They must have given last call at PJ’s.  Three young men with neckties undone and suits rumpled walk south talking at the annoyingly loud volume the intoxicated often do.  Their presence and revelry beg the questions about where they were on 9/11; do they even know the significance of the Ground just a few blocks away?  Who knows.  The Cynyx among us (certainly this Cynyc) can answer these questions – those young men are likely too young to fully understand, to recognize the profundity of the ceremonies concluded hours ago in this neighborhood.  Perhaps they viewed the highly visible Police presence and the metal barriers that cordoned off access to The Glade as an annoyance, an inconvenience to be tolerated on their way to work and to the tavern afterward.  Such is life.

Thousands of innocents got up and went to work in the WTC on this day 17 years ago never to return home to their families.  For 343 MOS of the FDNY, 37 MOS PAPD, 23 MOS NYPD the Twin Towers were literally their “Last Call”, they answered the calls to respond, went about their business escorting, carrying or even dragging an unknown many to safety.  They truly personified The Ultimate Sacrifice, a brand of dedication and devotion that often separates those with a calling for public service from everyone else. This is not to value some lives more than others; not at all. It stands as fact that as thousands descended via the stairways, many dazed, confused, and injured hundreds of First Responders determinedly made their way upstairs. There were also unknown accounts of bravery and sacrifice among the civilians who found themselves in a living hell. All involved found themselves choked between circumstance and happenstance, a nightmare scenario where the few reacted to help save the many. If not for the efforts of all, God only knows what the mortality rate would have been. 

*****     *****     *****

The breeze has picked up a bit and the clacking sounds of the mooring lines affixed to the yacht piers have gotten more noticeable.  Maybe it’s high tide.  There is a hurricane brewing off the Carolina coasts, maybe that is already exerting itself out in the Atlantic.  The dark harbor is busy tonight; tugboats maneuvering barges, oilers off the coast of Staten Island can be seen from a certain angle.  Looking north the glittering jewelry that are the spans of the George Washington Bridge are visible if one knows exactly where to look.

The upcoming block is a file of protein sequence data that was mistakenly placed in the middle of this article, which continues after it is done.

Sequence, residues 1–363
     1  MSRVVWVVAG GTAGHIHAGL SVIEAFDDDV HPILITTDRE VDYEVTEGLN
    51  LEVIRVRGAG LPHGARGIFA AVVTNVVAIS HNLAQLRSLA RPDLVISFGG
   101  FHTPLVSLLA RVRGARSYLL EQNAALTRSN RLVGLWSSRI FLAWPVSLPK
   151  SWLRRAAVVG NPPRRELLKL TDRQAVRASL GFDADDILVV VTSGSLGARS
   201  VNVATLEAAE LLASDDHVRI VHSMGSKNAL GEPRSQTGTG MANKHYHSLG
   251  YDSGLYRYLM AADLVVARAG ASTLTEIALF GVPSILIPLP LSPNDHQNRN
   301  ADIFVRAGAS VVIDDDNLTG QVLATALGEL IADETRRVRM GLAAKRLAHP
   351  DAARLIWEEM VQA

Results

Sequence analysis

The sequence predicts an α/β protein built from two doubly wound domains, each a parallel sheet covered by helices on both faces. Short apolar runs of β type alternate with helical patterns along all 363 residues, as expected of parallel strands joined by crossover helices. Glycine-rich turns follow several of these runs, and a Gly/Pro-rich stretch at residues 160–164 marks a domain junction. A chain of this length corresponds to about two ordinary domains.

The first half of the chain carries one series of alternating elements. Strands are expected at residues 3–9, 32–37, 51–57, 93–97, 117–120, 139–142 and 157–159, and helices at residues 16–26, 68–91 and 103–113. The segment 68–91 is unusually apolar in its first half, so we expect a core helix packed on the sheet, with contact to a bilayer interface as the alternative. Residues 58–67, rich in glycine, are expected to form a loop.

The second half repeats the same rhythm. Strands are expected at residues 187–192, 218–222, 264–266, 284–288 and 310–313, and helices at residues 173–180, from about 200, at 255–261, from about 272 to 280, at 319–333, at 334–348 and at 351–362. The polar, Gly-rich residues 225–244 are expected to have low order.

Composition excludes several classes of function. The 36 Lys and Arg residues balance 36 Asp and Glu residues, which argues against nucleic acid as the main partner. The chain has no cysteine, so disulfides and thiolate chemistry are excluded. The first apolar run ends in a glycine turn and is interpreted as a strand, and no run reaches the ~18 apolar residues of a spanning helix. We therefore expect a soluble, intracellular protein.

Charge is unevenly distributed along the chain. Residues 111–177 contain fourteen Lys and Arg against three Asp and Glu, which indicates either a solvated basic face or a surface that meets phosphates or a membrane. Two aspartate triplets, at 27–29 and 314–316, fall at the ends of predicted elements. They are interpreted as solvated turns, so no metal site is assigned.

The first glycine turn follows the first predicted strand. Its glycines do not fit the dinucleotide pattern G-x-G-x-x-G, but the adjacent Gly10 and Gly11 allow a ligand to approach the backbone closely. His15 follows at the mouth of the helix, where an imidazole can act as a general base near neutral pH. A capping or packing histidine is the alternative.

Everyone who came down to the 9/11 Memorial and observed the remembrance came looking for something.  Some, if they knew exactly how to look, not where to look but how to look may have found that which they sought.  There can be comfort in the rites, the rituals can serve as commemorative railway tracks keeping the seekers on a strictly defined path.  That path is towards tomorrow and all the tomorrows to follow; their suffocating sorrow may be a bit diminished by having spent the morning on that Sacred Ground.  As this day is about to blend in to the next we say a final prayer.  We pray for the dead and the dying, for each other and ourselves. 

Bless All…


Copyright The Brooding Cynyx 2018 © All Rights Reserved
Copyright Brooding Cynyc 2018 © All Rights Reserved



Thursday, July 12, 2018




(Thursday July 12, 2018 Central Park, NYC) For anyone On The Job 32 years ago, this day is forever seared in our memories.  Certain events hold greater significance in our  individual and institutional memories than others for no reason beyond the shock value, the sheer murderous reckless audacity that defines it. The commemoration of one such heinous crime is marked on this day.


The trauma surgeons working in Bellevue Hospital 32 years ago on this day were all well-seasoned, intimately familiar with the human wreckage and carnage hustled into their Emergency Room on a ceaseless basis.  They were experienced in their particular art and science of working aggressively on severely injured, wounded bodies in their efforts to stave off death. Their bloodied patients came from motor vehicle accidents, construction site injuries, all and any manor of chance in our City including violence; these surgeons knew how to handle stab and gunshot wounds as well, and likely better than, any other trauma teams in the country.  They worked with a tunnel-visioned focus fully engaged in the wrecked body that laid before them be that body Black or White, Cop or criminal.  Thirty-two years ago today they received a mortally wounded 29-year-old NYPD Officer who’d been shot at “point blank” range three times by a 15 year old robbery suspect in Central Park.

Officer McDonald had immediately been transported to Metropolitan Hospital and quickly the doctors there realized if McDonald was to have a chance at survival he needed to be downtown in Bellevue, at the time the premier trauma center in the City. He sustained grave injuries from the three bullets that struck him; the first bullet hit him in the head, above his eye; the second hit his throat and caused him to have a speaking disability; and the third shattered his spine, paralyzing him from the neck down and leaving him quadriplegic and in need of a ventilator. Yes, the Bellevue team saved the life of the third generation NYPD Officer and throughout the years since until his death in 2017 he dedicated his energies as a living example of forgiveness and grace, of inherent spiritual strength, and as a staunch advocate for these very same characteristics.  Despite all he’d endured and what he physically lived with on a daily basis, Steven McDonald remained optimistic and persistent.